If I was to ask you to name as many famous movie composers as you could, I’d bet you that John Williams’ name would be amongst the first four or five composers you’d tell me. He has become, quite literally, a household name, with his themes and scores instantly recognizable and deeply beloved by many. There is little doubt that Williams’ works have shaped the sounds of movie soundtracks for the past forty years at least, and will continue to leave their marks on scores yet to be composed.
What is it about John Williams’ music that makes it so good? I’m hardly a musician, but I’ve decided to try to undertake this question for today’s inspiration entry by focusing on some of John Williams’ lesser known scores and soundtracks. Now, some of these might be old John Williams’ favorites to you, but when I was flipping through the list of his works, they stuck out to me as unusual and fun!
How to Steal a Million
Released in 1966, How to Steal a Million boasts a host of A-list stars of the period in a hilariously ingenious heist film. Nicole Bonnet, played by Audrey Hepburn, must steal back a statue her art-forger father has allowed to go on exhibition before it’s discovered to be a fake. She enlists the help of the always charming Peter O’Toole, playing Simon Dermott, an art enthusiast who may or may not be an actual thief, to get the statue back; but things get complicated when an American millionaire, Davis Leland, played by Eli Wallach, gets his heart set on both owning the statue and marrying Nicole.
I can’t pretend to be unbiased when it comes to this film – it has been one of my favorite comedies for many, many years. But until recently I had absolutely no idea that the film’s score was composed by John Williams! One of his earlier movie scores, the music John Williams provides for this film stands out as a character of its own. Like the film, none of the pieces take themselves too seriously; absent are the usual sweeping horn sections, driving strings, or other sounds which have become Williams’ signature over the years. The score plucks along underneath the main action, simple and organic, as if the movement of the actors themselves was creating the soundtrack.
For many, Home Alone holds a place of special significance, being one of those few films that families will often gather round the television to watch at this joyous time of the year. For those of you hazy on the details of the film, Home Alone tells the story of a young boy, accidentally left at home when his family flies off to Paris for Christmas. He learns to take care of himself, learns the importance of family, and learns to look beyond the surface of people and see the truth within them.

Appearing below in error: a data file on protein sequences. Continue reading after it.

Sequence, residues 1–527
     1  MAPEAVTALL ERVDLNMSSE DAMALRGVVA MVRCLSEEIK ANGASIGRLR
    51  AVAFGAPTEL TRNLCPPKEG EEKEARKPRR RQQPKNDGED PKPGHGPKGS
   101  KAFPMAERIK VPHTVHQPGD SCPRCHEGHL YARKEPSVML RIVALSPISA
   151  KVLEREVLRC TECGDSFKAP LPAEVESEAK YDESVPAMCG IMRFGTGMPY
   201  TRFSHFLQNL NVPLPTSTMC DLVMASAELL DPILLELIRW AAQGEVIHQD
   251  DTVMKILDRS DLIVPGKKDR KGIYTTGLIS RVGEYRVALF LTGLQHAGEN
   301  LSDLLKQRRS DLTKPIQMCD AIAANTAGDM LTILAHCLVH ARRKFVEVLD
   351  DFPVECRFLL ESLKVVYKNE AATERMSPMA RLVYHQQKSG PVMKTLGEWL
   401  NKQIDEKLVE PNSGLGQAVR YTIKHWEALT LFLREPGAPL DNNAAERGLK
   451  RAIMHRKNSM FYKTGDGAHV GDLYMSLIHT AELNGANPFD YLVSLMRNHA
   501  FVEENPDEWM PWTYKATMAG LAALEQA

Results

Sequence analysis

Personally, Home Alone has never been one of my favorite films. I’m not sure what it is, exactly, but perhaps Kevin’s loneliness hit a little too close to home for me. Given that, I had never realized that John Williams was enlisted to compose the score to this film. Upon listening again, I feel foolish for not recognizing his symphonic touches earlier. The score for Home Alone shares many more similarities with his landmark works than How to Steal a Million, chief among these the use of themes and layers. Harmonies are layered upon harmonies, with one strain of music giving depth to another. Much like a conversation, Williams’ scores are filled with subtextual meanings elucidated by nothing other than sound and tone. Listening to his work, one feels as if they are being told a story almost separate, but supplementary, to the one being told through film.
The Adventures of TinTin
The Adventures of TinTin is tragically underrated, and it’s one of the main reasons I included it in this post. If you haven’t watched it yet, go out, rent it, buy it, borrow it from a friend and never return it, find some way to experience this wonderful piece of cinematic fun – you won’t regret that you did!
This beautifully animated film was directed by Steven Spielberg, written by Steven Moffat, current show-runner of Doctor Who, and Edgar Wright of Cornetto Trilogy fame, and includes the voice talents of Jamie Bell, Andy Serkis, Daniel Craig, and the comedic duo Simon Pegg and Nick Frost. The movie is a labor of love in every sense, born from Spielberg’s early devotion to the TinTin comics of Belgian artist Hergé. These comics were the inspiration for the Indiana Jones films that are close to so many people’s action lover hearts.
Many fans of the film like to think of The Adventures of TinTin as everything the last Indiana Jones film should have been. It’s epic and exciting, funny and sweet, uplifting and a pure joy to watch. John Williams’ score goes a long way to contributing to this singular movie watching experience, going far beyond simply highlighting the action and emotions being portrayed on-screen. As always, Williams’ work, while working perfectly along the subject matter with which it is paired, can stand on its own; it’s like a separate level of the story you can take out and examine by itself, just like the characters, the settings, or the themes.
This is why, in my opinion, the film scores of John Williams stand out so much from all the rest. His work is more than just background music for cinematic action – it is a story in and of itself, communicating things that are not on-screen, reaching out to the audience’s imagination and encouraging them to look deeper into the story they are being told. As a writer, I think it is important to remember that no one device in a story is less important than any other. In order to produce a superb storytelling experience, the characters, the setting, the language, the very format of the text should all be variations on the work itself, each adding a layer of meaning and beauty to the reading experience.
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